In this article, we cover what you should do if you ever find yourself in the daunting situation of the other parent taking child without permission in Australia.
We will also discuss if this behaviour is ever acceptable or legal in Australia.
Generally, it is illegal for a parent to take their child without the permission and knowledge of the other parent. There are a few exceptions here. Let’s cover them first.
Parent taking child without permission in Australia – when is it ok?
When ex partners reach a parenting settlement, it is assumed that both parents will uphold the settlement, both in terms of contributing to the agreement, and not encroaching on the rights of the other parent.
However, in some instances, a parent may take a child without the consent of the other parent or withhold the child. This is only acceptable when:
- The other parent may be exposing the child/children to substance or alcohol abuse
- There is a history or recent occurrence of family violence
- The other parent is unable to care for the child due to severe mental illness or instability
In other words, the other parent cannot ensure the safety of the child or children. If you fear for the safety of your child with the other parents due to the reason above, you can withhold or take your child.
The court will generally be sympathetic to the reasons stated above – however, the onus will be on you to prove to the Court your allegations.
Parent taking child without permission – what you can do
What do you do if you are an able and capable parent contributing your fair share to the parenting agreement and the other parent decides to take your child your permission?
There are both non-legal and legal options for you to consider. Let’s unpack them.
Non legal options
If the other parent of your child is guilty of taking your child without permission or withholding your child, and neither one of you has a history of domestic violence, then most likely, it is due to your relationship being tense.
You can always try to resolve this problem civilly with the other parent of your child by:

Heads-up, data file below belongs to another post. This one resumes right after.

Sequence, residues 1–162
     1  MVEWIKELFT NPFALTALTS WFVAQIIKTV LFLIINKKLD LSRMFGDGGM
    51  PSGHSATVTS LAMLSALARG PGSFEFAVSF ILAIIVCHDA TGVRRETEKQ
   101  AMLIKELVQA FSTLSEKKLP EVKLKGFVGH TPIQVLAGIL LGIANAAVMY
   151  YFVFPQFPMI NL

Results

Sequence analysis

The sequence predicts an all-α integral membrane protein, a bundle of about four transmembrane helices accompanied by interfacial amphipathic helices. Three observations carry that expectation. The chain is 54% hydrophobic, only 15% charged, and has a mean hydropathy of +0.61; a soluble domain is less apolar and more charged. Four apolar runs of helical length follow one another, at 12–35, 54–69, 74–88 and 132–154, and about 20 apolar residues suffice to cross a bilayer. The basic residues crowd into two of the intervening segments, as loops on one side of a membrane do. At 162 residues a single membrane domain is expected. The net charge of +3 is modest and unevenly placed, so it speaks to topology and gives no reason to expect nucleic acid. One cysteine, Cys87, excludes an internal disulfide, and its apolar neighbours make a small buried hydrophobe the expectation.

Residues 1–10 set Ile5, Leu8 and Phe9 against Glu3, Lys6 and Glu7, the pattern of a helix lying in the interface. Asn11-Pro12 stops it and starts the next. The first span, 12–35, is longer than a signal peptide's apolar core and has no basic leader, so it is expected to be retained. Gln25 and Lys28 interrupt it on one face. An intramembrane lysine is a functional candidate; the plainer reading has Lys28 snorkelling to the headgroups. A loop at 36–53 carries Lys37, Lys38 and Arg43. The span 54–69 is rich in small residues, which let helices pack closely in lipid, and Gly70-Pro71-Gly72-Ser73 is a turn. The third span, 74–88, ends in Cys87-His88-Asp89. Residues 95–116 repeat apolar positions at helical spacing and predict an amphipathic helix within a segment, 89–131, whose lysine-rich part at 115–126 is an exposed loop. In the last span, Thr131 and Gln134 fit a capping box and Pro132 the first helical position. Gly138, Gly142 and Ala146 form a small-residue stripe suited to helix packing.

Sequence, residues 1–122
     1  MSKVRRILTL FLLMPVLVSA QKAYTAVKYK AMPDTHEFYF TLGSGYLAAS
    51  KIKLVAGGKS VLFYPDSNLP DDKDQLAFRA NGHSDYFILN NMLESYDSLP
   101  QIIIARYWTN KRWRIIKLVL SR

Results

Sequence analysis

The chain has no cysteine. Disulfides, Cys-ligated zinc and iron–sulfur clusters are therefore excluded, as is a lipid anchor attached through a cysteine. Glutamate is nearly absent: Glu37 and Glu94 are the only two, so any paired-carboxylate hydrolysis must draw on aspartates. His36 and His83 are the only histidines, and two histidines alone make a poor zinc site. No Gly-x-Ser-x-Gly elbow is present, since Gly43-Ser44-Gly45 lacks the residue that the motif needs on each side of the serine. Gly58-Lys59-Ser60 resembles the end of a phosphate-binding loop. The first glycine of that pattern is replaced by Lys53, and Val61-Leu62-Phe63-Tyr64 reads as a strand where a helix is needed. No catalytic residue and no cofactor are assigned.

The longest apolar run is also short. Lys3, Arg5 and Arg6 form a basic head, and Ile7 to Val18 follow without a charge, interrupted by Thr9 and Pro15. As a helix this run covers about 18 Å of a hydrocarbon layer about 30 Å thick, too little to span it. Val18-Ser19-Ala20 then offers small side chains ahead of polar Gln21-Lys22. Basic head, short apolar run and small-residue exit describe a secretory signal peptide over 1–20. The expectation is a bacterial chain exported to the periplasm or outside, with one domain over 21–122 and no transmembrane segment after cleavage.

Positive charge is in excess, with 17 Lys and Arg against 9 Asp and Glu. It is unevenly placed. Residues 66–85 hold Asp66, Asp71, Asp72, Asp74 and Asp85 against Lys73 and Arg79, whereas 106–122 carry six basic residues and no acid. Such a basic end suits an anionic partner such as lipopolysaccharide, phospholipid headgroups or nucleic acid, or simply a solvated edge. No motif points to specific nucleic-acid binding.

- Attempting to talk to them directly
- Send an intermediary to resolve the matter (could be a family member or friend)
- Resolve the problem with the help of your lawyer, and possibly their lawyer as well
If you exhaust these options, then it may be that you’ll need to resort to the courts. We talk about that in the next section.
One of the legal options available to you to recover your child from their other parent, or to ensure they are complying with the parenting orders put in place is to file for a recovery order.
It is important to note that if you are not currently in the midst of parenting orders, your recovery order needs to be filed in a parenting orders application.
In the recovery order that is submitted with parenting orders, you may need to include an affidavit that covers:
- A list detailing previous family orders and court hearings
- Details relating to when and how your child was taken from your without permission
- Your efforts in retrieving your child
- An outline of why it is in the best interest that the child is returned to you
Once filed, the Court will appoint a hearing date. If the Court stipulates a recovery order, the order will need to be served to the other parent of your children.
This will most likely be done by the police – they will likely also handle the logistics of returning your child to you. Once your child is returned to you, you must notify the Court.
When your child is returned with you, you may consider revisiting the parenting orders assigned by the Court earlier. Read our guide on changing family court orders to learn more.
In the unfortunate event of a child not being found after a recovery order is made, the Court can make a location order, stipulating that the person who has the child reveal their whereabouts. Other orders that the Court may enforce to locate a child that may have been abducted by one of the parents include a Commonwealth information order and/or publication order.
If you’ve found yourself in this deeply distressing situation and need support, don’t hesitate to get in touch with our legal practitioners for a confidential consultation.
Principal of Justice Family Lawyers, Hayder specialises in complex parenting and property family law matters. He is based in Sydney and holds a Bachelor of Law and Bachelor of Communications from UTS.